South Korean President Moon Jae-in has observed the test-firing of a new mid-range missile being developed to counter North Korean threats.
Mr Moon said Seoul must be able to militarily "dominate" the North for future engagement to work.
It is a twist on the typical pattern on the Korean Peninsula, where North Korean state media frequently issue reports about leader Kim Jong Un observing missile tests that it says are needed to combat South Korean and US hostility.
Mr Moon, a liberal who took office in May after a decade of conservative rule in South Korea, supports engagement with North Korea.
But he was quoted after the launch as saying that "dialogue is only possible when we have a strong military, and engagement policies are only possible when we have the security capability to dominate North Korea".
"Our people will feel proud and safe after seeing that our missile capability doesn't trail North Korea's," Mr Moon said, according to his spokesman, Park Soo-hyun.
Mr Park did not say how far the Hyunmoo-2 missile flew or where it landed, but said it accurately hit its target area.
North Korean missile tests present a difficult challenge for Mr Moon.
North Korea has tested several new missile systems this year, including a powerful mid-range missile that experts say could one day reach targets as far away as Hawaii or Alaska.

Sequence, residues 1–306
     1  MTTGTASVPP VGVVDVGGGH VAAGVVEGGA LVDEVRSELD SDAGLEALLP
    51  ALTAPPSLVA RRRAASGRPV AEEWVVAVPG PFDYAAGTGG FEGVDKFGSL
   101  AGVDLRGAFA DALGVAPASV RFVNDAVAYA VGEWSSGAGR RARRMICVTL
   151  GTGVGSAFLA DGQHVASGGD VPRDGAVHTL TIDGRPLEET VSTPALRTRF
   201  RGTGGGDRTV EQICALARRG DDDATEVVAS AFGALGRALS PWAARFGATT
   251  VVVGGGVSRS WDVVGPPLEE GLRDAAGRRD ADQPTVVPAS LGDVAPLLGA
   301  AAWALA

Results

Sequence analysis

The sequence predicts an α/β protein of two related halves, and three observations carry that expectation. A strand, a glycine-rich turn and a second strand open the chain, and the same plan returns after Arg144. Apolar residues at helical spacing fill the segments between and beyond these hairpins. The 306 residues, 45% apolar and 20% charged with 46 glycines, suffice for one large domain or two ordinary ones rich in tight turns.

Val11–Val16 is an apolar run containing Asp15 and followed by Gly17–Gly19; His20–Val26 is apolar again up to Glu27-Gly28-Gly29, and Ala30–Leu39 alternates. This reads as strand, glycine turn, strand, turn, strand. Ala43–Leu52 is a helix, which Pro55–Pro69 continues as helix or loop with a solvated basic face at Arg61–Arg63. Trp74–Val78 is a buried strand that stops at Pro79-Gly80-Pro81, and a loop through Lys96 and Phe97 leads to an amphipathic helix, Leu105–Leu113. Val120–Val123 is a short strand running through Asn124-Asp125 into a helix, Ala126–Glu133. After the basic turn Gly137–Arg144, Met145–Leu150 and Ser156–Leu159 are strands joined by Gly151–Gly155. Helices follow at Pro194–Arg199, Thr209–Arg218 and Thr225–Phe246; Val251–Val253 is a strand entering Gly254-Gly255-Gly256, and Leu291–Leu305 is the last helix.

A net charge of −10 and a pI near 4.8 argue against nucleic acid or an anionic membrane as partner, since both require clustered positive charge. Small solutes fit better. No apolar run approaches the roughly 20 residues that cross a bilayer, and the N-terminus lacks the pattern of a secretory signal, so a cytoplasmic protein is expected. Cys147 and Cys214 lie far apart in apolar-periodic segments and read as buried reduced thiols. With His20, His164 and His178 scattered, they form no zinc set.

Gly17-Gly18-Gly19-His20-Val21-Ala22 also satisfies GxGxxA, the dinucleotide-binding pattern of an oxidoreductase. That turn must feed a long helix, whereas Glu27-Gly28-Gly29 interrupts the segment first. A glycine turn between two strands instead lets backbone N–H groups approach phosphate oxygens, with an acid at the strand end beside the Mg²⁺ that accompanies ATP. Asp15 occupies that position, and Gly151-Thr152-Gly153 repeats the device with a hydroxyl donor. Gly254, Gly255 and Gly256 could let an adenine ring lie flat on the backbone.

It also conducted two nuclear tests last year as it pursues development of a long-range nuclear missile that could reach the US mainland.
South Korea's military plans to deploy the Hyunmoo-2, which is designed to hit targets as far as 800km (500 miles) away, after conducting two more test launches.
The missile is considered a key part of a so-called "kill chain" pre-emptive strike capability South Korea is pursuing to cope with the North's growing nuclear and missile threat.
In addition to expanding its missile arsenal, South Korea is also strengthening its missile defence, which includes Patriot-based systems and a high-tech Terminal High Altitude Area Defence battery currently under deployment in the south-eastern county of Seongju.
South Korea began developing Hyunmoo-2 after a 2012 agreement with its ally, the United States, to increase the range of its weapons to 800km and raise the warhead limit to 500kg (1,100lbs).